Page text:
ἐπιποθῶ γὰρ ἰδεῖν ὑμᾶς, ἵνα τι μεταδῶ χάρισμα ὑμῖν πνευματικὸν εἰς τὸ στηριχθῆναι ὑμᾶς,

The ESV, as a typical example, has:

‘For I long to see you, that I may impart to you some spiritual gift to strengthen you’

and most versions (KJV, ASV, RSV, NIV, NASB etc) translate χάρισμα … πνευματικὸν (charisma pneumatikon) as ‘spiritual gift’, πνευματικός being the adjective from πνεῦμα, meaning ‘spirit’.

Simmons’ text however has ‘the gift of the Spirit’ instead of ‘some spiritual gift’:

He explains in a footnote that he has translated from the Aramaic:

The Peshitta tool shows that all three English translations have ‘gift of the Spirit’ rather than ‘spiritual gift’:

The analysis tool confirms that the Aramaic text has a noun meaning ‘spirit, wind, breath’ rather than an adjective:

It is not that Aramaic lacked an adjective meaning ‘spiritual’, as one such was used in 1 Corinthians 2.13, 15 and elsewhere, as can be seen from the definitions in Jennings:

It just seems to have been a change made by in the translation process from the Greek original to the Peshitta.

In this case, therefore Simmons seems to be justified in saying that he has translated from the Aramaic. As I said above, I am not here examining the question of why he would prefer the Peshitta reading to the original Greek text. (I have written to him twice on that point and not received a reply so far.)

What remains is to investigate whether Simmons’ apparently mistaken claim in Romans 1.9 is a one-off and so probably an inadvertent error, or whether there are more such claims which turn out to be apparently unfounded. In my next post I give further cases where Simmons’ text differs from normal versions, with no possible basis from the Greek text, and where he has claimed to be translating from the Aramaic, but where this claim turns out to be false, so far as I have been able to ascertain, to the best of my endeavour.






Brian Simmons, Bill Johnson, and The Passion [Anti-] Translation of the holy scriptures

At church on Sunday, a dear sister in Christ bounded up to me and warmed to her theme of the excellence of Brian Simmons and his supposed translation of the holy scriptures, which he is calling ‘The Passion Translation’. Not having heard previously either of the man or this work, I found to my horror that it cannot properly be termed a translation at all, because of the discrepancy between its content and that of the originals. Worse still, I discovered that it is being promoted by Bill Johnson of Bethel Church in Redding California, whose ministry is very popular with many young Christians here in the UK. Here, for example, Johnson uses it to give a brief word of exhortation and encouragement before the start of a service on 18 September 2016. At 0.11 of the video he says:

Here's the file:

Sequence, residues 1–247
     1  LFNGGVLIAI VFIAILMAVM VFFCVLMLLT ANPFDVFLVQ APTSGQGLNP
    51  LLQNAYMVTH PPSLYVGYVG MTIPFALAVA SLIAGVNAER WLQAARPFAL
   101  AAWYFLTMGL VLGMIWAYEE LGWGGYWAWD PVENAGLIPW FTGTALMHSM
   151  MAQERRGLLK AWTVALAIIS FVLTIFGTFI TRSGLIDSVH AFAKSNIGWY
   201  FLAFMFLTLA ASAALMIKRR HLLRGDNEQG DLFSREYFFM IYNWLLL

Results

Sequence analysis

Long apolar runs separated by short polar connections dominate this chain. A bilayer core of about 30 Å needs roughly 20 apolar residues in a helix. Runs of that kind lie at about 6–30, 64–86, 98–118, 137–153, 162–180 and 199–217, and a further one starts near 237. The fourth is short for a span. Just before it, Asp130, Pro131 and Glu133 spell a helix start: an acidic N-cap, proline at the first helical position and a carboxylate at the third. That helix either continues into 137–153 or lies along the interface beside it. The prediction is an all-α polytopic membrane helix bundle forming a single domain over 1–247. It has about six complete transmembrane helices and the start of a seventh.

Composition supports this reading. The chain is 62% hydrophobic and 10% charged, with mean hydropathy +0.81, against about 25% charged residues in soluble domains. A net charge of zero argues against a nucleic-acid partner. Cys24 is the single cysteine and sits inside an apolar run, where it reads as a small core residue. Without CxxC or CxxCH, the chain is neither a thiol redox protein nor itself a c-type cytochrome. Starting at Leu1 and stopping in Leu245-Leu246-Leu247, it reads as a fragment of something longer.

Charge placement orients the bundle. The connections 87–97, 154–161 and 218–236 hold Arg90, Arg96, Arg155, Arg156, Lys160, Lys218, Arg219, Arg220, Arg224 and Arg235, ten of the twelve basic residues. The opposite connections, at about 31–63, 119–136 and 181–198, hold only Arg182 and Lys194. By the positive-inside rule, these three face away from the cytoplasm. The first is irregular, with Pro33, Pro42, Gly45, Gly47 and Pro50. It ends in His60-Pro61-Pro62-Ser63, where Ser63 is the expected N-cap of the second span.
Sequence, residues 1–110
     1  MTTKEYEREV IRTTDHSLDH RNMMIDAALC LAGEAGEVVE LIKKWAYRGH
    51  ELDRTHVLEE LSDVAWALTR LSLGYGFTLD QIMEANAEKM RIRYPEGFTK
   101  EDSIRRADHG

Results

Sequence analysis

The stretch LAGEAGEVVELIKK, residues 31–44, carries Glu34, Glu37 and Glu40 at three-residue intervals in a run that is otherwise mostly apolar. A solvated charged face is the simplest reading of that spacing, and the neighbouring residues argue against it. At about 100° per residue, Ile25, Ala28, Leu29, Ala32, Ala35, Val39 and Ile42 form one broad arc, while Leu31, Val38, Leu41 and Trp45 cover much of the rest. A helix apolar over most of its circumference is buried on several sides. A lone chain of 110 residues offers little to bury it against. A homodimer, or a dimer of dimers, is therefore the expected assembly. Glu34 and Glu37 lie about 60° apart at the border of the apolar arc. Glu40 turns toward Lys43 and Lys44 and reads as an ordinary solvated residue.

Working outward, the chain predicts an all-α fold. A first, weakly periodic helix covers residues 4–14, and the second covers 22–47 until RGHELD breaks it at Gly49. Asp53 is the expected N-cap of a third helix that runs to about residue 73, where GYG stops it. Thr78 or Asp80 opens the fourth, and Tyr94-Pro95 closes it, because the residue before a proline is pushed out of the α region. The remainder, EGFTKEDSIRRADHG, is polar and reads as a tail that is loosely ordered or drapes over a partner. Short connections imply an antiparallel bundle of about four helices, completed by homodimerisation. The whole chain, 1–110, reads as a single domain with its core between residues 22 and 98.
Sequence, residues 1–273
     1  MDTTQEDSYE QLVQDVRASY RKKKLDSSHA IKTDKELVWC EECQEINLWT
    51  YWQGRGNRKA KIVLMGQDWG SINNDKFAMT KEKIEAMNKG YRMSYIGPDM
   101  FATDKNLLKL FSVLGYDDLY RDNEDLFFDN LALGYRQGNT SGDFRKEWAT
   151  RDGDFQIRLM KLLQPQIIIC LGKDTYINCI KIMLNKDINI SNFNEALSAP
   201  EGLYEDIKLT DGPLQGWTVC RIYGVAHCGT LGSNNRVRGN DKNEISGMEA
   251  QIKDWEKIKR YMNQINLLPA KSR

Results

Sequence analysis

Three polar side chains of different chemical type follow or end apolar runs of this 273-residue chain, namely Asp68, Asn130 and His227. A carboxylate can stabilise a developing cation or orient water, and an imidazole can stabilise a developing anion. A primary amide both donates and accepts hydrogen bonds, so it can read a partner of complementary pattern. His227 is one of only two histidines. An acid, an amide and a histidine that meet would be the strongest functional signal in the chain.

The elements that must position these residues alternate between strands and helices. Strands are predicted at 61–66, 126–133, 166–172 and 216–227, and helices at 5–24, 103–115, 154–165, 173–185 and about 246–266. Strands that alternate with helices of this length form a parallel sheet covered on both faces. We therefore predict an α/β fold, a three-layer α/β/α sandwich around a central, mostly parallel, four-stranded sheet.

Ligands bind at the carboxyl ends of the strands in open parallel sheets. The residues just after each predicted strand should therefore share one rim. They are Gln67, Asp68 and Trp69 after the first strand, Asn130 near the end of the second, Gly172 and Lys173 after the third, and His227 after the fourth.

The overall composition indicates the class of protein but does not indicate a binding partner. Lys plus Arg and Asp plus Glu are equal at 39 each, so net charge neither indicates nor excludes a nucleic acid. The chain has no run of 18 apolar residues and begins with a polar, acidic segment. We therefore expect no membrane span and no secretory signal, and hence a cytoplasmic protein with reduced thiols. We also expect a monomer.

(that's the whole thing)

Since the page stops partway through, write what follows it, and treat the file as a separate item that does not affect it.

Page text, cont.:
‘We’re going to read some scriptures as we get the day started. So good to see you, my goodness. Psalms 25 in the Passion Translation.’

Thus he affirms the Passion Translation as scripture. He continues (00.30):

‘You are about to be so blessed. What I am going to read is going to bless you so much. You should be getting happy in advance just because of what is coming your way. This is so good. Alright are you ready? Have you got your happy gear on? Alright.’

Then (00.50) he reads verse 12 of ‘Psalm 25′ from Simmons’ book, ‘Psalms: Poetry on Fire’:

Johnson (1.03) then asks the congregation for a show of hands as to who has this question that Simmons has asked:

‘How many of you have that question? How do I live in a way that’s absolutely pleasing to You, that’s the question.’

But this is not the question that the bible asks. The Hebrew text begins:

 מִיזֶה הָאִישׁ, יְרֵא יְהוָה   

There are only 5 words (or 4 if you count מִי-זֶה, joined by a maqqef, as one).

  1. מִי  (mî) meaning ‘who’
  2. זֶה (zeh) meaning ‘this
  3. הָאִישׁ  (hā·’îš) meaning ‘the man’
  4. יְרֵא (yə·rê) a verbal adjective, or participle, meaning ‘fearful’ or ‘fearing’, from the root  יָרֵא meaning ‘to fear’

  5. יְהוָה Yahweh, Yehovah, the LORD

Perhaps Young’s Literal Translation is the most accurate:

Who [is] this — the man fearing Jehovah?

so that it might be as if David was seeing a man who was fearing the LORD, and asking who this man was. But also acceptable are the NASB and the ESV, which both have:

Who is the man who fears the LORD?

and the RSV and the NKJV, for example, are almost identical:

Who is the man that fears the LORD?

This is perhaps a question that a preacher could ask of his congregation, and it is one that would tend to provoke reflection and self-examination. One might tentatively raise one’s hand a little and say yes, Lord, I do fear you, yet not as I ought to do, loving Father, help me to fear you more.

Indeed – and I found this after I had written the above – Spurgeon writes:

Verse 12What man is he that feareth the Lord? Let the question provoke self examination. Gospel privileges are not for every pretender. Art thou of the seed royal or no?’

In the Psalms, as written by David under the inspiration of the Holy Spirit, we are asked a question, effectively by the Lord, as to whether we truly fear Him as we should. Simmons has the question being asked by the reader, presumably of the Lord, and so our hearts are not searched in the same way. There is nothing gained, and much is lost.